By Lauren Augustine
Volunteering abroad can be a life changing experience and something I recommend for all young adults who are looking for a change in perspective. Whether you go for the service or the vacation, you are sure to get an authentic look at another culture and some new insight into yourself. My personal volunteering story takes place the summer of my eighteenth birthday when I traveled to Ghana and constructed schools in a small village. What I learned about could never be taught in a classroom or office. I learned the importance of volunteering but more importantly, I learned the importance of understanding others. Traveling to lend a hand in another country broadened the depth of my compassion and completely changed my perspective on giving.
One of the hardest parts of the entire trip was finding a program with which to volunteer. Endless Google searches left me overwhelmed by the number of opportunities. I wanted an authentic experience overseas where I would live with a family and work in the community during the day. I found endless results, but finally settled on Projects Abroad, one of the many organizations placing volunteers overseas. Projects Abroad had me set up a private profile where I could access all the information about my trip, everything I needed to do or get before I left, as well as all the necessary safety information. Although I was traveling across the world, my parents felt comfortable and informed. While Projects Abroad provided essential things for foreigners and volunteers, it did not distract form my having an authentic Ghanian experience.
My daily life mirrored that of my host brothers with whom I worked, building houses and a school, doing house chores, and running errands in town. I lived the life of a Ghanian and learned new ways to do familiar tasks such as showering, cooking and laundry. Complete immersion into their way of life gave me a new perspective and allowed me to truly see what they needed. Too often the needs of other countries become so distant that progress is equated to money. A blank check turns into the quick fix for any need because we don’t spend the time to figure out an actual solution.
Although I never underwent severe “culture shock”, it was fascinating to see another way of life. In Kwamoso there was no electricity, something I am dependent upon at home. However, the way they accommodated the lack of electricity had a relatively positive effect on their society. Adults worked only as long as the sun was out and then spent the rest of the night with their family or asleep. A typical night included sitting around a long table reading by candlelight, playing board games or simply talking to one another. Of my whole trip, one of my most memorable moments was teaching a neighborhood boy named Kofi to pronounce the English letters of the alphabet using the label on a bag of Jolly Ranchers.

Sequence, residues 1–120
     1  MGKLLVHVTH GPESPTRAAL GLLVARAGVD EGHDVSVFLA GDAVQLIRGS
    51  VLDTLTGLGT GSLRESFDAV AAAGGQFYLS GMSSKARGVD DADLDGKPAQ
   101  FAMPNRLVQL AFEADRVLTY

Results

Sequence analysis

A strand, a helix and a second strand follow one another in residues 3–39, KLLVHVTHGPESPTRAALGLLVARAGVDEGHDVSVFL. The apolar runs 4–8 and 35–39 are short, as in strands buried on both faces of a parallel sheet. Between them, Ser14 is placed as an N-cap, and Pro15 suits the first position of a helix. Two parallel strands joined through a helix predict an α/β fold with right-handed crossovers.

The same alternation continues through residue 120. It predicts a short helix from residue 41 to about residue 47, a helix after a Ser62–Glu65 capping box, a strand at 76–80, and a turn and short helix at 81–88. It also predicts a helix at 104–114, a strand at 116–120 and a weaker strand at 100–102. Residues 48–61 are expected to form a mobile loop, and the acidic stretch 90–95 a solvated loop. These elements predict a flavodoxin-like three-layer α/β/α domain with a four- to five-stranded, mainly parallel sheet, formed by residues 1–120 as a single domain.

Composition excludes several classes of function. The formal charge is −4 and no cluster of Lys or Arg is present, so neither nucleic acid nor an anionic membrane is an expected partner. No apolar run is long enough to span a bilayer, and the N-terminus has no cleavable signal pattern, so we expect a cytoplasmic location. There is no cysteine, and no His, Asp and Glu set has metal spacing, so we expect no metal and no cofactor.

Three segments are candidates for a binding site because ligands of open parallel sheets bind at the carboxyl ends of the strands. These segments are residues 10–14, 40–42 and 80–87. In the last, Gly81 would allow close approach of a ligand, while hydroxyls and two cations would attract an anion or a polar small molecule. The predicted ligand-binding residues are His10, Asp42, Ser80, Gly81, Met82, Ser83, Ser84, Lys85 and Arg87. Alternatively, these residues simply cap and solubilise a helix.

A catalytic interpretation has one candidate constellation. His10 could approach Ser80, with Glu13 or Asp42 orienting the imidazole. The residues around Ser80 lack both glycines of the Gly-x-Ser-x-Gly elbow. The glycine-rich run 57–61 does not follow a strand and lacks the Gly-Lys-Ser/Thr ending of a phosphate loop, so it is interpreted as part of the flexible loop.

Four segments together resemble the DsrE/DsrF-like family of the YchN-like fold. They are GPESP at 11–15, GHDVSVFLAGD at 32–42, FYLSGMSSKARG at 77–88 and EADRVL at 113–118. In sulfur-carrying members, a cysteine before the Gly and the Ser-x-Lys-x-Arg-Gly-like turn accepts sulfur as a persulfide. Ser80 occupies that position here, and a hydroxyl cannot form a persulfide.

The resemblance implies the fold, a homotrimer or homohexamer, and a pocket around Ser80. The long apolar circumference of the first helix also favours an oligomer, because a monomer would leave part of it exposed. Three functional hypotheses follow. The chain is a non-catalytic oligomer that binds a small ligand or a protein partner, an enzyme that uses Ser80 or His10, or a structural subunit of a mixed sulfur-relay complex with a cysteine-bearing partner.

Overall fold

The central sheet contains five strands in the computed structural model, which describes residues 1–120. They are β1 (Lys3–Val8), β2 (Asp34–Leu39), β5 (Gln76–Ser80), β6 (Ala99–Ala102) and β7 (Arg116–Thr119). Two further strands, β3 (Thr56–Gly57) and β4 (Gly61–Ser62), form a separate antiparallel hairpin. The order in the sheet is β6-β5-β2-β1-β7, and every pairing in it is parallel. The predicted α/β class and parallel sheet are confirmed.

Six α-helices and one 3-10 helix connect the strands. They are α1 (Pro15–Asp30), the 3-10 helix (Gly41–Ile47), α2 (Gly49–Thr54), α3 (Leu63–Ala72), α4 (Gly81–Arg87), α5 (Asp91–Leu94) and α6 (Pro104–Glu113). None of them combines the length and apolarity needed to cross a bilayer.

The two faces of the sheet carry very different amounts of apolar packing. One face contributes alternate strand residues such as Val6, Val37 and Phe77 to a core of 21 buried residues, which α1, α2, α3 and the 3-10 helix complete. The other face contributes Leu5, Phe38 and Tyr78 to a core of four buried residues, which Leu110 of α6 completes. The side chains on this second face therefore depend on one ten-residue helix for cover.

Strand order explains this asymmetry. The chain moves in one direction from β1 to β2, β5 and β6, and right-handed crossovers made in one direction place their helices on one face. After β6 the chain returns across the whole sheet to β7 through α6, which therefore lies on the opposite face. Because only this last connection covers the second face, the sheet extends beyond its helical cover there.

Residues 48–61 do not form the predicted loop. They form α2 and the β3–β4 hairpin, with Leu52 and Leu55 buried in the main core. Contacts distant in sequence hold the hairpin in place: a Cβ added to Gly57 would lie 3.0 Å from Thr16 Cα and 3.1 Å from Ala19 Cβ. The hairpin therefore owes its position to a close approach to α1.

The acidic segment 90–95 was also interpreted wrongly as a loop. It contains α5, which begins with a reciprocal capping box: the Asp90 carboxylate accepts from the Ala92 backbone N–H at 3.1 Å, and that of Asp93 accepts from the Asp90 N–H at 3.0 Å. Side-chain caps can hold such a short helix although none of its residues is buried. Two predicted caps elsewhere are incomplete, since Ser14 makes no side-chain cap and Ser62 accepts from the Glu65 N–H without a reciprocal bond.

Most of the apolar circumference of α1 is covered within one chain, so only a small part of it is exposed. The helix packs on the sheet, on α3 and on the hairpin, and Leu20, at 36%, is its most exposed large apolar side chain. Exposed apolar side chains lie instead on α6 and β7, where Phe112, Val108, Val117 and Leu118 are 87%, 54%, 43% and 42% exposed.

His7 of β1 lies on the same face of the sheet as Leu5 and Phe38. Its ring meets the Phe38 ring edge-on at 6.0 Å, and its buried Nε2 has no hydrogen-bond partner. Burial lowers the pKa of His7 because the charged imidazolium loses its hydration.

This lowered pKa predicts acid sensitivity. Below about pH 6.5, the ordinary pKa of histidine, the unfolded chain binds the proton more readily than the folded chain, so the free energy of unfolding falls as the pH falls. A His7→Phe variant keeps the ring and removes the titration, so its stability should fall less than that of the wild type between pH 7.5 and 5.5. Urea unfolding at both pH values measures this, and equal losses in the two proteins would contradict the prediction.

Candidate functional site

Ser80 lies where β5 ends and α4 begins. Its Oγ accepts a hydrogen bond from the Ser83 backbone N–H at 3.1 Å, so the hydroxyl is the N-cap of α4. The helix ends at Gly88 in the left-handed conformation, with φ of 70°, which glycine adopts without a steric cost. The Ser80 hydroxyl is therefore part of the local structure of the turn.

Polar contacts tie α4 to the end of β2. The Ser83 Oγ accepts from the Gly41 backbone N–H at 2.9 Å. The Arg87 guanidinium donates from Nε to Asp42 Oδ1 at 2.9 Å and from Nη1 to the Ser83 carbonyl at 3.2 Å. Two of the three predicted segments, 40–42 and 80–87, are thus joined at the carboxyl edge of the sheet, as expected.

On my trip I was able to see Ghana through the eyes of the Ghanians. I was there right after the celebration of their fiftieth year of independence and the country was still filled with joy and celebration. Everyone I met, from taxi drivers to seamstresses, carried a national pride and a deep interest in their future. They have created a society where people work hard, love their families, and have a strong sense of community.
While great for all ages, I believe that volunteering is essential for college students. It gives you a taste of another culture, showing you new and different ways of doing things. It also cultivates independence while still stressing the importance of community and working together. Volunteering led me to my passion and interest in international development. Volunteering doesn’t have to be expensive, time consuming, or difficult; as long as you invest your heart in whatever you do, you are bound to reap the benefits that naturally come with service. As they say, the more you give, the more you get. Volunteering is a way to fully give yourself over to another community and another culture.